One of the most essential computer maintenance tasks is pruning outdated and orphaned files from the deep, dark dungeons within the Linux filing system. These disconnected scraps and bits are endemic to the file structure in any operating system, Linux included.
Weeding the Linux software garden is not something that typical users do often enough. However, letting the clutter of different temporary or cache folders linger will sooner or later slow down the system and waste valuable disk space. Taking out the digital trash fermenting in your Linux file system can be challenge-free, though, if you use the right cleaner package. One app that I have grown to love for its ease-of-use and thoroughness is BleachBit.
Unlike less rigorous cleaner apps, BleachBit removes files that could pose security risks. This removes the need for you to employ yet another product to finish cleaning out the clutter collection. For instance, it removes browsing histories and cookies planted to keep tabs on your website activities. It also shreds files to hide their contents. This helps to prevent others from recovering your deleted data.
One key function in BleachBit raises my comfort level for computer security considerably. It does an outstanding job of wiping clean more than 90 applications. It cleans out their refuse but leaves their functionality intact.
For example, BleachBit takes the cleaning cloth to my often-used and favorite Linux staples. These programs include my list of installed Web brosers — Firefox, Seamonkey, Google Chrome and Opera. In fact, I have yet to find an app I regularly use that is not treated by one of BleachBit’s installed cleaners. This includes Adobe Flash, Audacious, Bash, Gedit, GIMP, Nautilus, Rythmbox and Skype.
BleachBit’s usefulness does not end with its superior file deleting capabilities. It also wipes free disk space, thus hiding traces of files deleted by other applications. I also like being able to use its command line interface (CLI) to script automated cleaning sessions.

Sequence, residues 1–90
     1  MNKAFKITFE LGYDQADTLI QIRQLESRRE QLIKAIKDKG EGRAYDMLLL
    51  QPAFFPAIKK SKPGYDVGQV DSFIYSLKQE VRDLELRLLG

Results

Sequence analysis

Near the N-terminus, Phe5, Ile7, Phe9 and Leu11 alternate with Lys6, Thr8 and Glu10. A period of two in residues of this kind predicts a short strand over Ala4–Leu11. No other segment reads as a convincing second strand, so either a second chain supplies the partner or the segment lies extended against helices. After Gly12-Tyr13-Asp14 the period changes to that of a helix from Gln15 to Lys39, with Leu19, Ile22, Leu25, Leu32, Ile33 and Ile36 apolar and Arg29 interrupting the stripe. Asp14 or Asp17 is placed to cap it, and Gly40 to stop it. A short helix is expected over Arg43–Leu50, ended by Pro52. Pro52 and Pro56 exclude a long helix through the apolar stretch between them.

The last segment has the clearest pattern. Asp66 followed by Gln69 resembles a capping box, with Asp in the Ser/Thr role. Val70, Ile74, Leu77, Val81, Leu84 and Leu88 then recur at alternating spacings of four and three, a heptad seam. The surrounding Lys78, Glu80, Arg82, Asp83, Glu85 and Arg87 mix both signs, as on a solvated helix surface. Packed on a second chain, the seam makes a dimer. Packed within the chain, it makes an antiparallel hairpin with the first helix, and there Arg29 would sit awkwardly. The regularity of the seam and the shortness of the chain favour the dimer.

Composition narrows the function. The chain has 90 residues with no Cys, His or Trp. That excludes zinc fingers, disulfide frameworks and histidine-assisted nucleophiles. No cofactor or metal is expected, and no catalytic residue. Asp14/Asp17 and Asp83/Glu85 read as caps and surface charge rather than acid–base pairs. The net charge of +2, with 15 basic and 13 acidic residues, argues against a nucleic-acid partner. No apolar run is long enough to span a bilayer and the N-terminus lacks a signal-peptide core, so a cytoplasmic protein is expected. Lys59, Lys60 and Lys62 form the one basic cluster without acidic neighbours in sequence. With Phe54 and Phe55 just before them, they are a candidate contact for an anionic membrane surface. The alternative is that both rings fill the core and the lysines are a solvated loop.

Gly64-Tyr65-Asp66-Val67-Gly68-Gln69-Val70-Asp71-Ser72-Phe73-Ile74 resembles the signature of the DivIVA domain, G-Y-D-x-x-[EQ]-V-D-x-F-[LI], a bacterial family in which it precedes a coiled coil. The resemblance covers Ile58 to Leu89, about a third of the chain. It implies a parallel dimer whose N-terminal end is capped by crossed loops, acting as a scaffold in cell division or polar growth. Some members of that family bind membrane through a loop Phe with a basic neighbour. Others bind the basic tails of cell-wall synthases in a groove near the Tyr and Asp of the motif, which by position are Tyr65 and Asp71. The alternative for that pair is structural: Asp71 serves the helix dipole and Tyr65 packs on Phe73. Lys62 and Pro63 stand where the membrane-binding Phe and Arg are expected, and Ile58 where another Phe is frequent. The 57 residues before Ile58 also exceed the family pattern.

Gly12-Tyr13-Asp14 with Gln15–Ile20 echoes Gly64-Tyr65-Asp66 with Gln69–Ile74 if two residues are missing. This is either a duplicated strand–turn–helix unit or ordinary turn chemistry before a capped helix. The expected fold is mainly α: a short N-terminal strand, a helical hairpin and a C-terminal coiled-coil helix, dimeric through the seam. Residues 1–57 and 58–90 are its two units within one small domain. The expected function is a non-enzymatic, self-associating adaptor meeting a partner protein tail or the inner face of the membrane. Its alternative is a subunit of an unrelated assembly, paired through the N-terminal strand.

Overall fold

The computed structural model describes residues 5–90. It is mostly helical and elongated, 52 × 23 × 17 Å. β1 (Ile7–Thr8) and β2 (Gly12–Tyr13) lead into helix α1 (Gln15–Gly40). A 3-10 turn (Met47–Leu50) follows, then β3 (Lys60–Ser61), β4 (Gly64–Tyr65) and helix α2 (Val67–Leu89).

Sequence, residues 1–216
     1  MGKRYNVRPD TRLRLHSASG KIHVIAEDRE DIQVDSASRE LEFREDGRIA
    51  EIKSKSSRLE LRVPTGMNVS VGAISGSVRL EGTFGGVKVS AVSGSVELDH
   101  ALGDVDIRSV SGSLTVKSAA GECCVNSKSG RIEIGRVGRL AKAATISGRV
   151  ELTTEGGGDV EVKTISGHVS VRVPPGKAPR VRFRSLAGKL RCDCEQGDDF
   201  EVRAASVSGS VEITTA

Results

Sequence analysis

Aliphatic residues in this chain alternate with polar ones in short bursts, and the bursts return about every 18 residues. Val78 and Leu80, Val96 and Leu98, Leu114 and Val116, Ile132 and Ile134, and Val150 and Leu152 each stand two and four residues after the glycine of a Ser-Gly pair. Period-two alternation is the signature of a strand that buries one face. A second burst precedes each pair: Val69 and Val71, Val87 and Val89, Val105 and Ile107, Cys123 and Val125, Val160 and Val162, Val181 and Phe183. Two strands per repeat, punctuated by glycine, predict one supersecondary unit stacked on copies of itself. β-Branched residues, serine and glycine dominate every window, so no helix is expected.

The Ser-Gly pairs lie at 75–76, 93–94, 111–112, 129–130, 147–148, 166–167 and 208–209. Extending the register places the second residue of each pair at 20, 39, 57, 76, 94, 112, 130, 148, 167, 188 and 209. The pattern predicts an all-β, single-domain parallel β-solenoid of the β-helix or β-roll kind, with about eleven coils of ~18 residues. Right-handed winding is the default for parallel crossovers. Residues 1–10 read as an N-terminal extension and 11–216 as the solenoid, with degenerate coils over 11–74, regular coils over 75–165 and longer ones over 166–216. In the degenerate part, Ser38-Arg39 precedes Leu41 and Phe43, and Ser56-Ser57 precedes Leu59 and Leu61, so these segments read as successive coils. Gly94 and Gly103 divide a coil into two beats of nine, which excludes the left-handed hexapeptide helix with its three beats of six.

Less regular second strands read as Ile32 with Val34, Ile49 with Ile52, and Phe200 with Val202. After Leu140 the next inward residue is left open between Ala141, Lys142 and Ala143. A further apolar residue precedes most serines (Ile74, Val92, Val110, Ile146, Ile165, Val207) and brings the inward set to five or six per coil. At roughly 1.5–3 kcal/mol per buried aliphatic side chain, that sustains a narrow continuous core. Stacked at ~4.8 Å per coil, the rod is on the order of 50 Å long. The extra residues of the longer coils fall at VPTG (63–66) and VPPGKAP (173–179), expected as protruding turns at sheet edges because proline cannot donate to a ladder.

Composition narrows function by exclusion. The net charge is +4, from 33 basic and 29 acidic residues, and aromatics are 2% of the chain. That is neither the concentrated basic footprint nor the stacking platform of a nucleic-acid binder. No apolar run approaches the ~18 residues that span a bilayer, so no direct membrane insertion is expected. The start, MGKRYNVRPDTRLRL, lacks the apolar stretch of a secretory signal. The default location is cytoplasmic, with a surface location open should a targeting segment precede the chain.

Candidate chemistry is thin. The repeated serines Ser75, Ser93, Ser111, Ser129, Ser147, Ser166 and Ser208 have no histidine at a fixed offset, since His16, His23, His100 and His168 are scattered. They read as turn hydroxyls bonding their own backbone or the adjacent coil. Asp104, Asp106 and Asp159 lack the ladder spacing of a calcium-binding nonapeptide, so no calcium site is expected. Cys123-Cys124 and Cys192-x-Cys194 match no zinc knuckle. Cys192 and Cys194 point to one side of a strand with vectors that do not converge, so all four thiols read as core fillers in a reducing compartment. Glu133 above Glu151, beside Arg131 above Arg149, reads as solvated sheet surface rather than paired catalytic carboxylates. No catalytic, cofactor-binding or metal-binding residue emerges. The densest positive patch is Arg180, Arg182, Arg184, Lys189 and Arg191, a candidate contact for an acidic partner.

BleachBit can be invaluable in less obvious ways. For example, it is a virtual time and space saver if you run an encryption application for added file security. It can better prepare the file system for disk image compression to do ghosted backups or to maintain virtual machines. This general cleaning process frees up disk space. It also reduces the size and time needed for backups by eliminating unnecessary files.
Different Linux distros build in favorite cleaning products. For instance, Ubuntu has Computer Janitor. CentOS, Fedora and Red Hat Linux use Yum Clean to remove cached package data. Debian-based Linux systems such as Ubuntu, Kubuntu, Xubuntu and Linux Mint can use Clean APT to tidy up.
BleachBit goes beyond such distro-specific cleaning services to accomplish a more complete spit-and-polish session to Linux’s file structure in any distro. I’ve been very pleased with its doggedness in finding widely-scatted junk such as Thumbs.db and .DS_Store files. It also excels in finding and removing broken shortcuts and deleting volumes of Linux localizations — you know, all of those bulky language files you that are not your native language.
Clean and Simple
BleachBit does such a good job that I would be willing to tolerate a less-than-adequate interface. But that is not a trade-off I need to make, fortunately. BleachBit’s look and feel is just as clean as the job it does cleaning out your computer’s hard drive.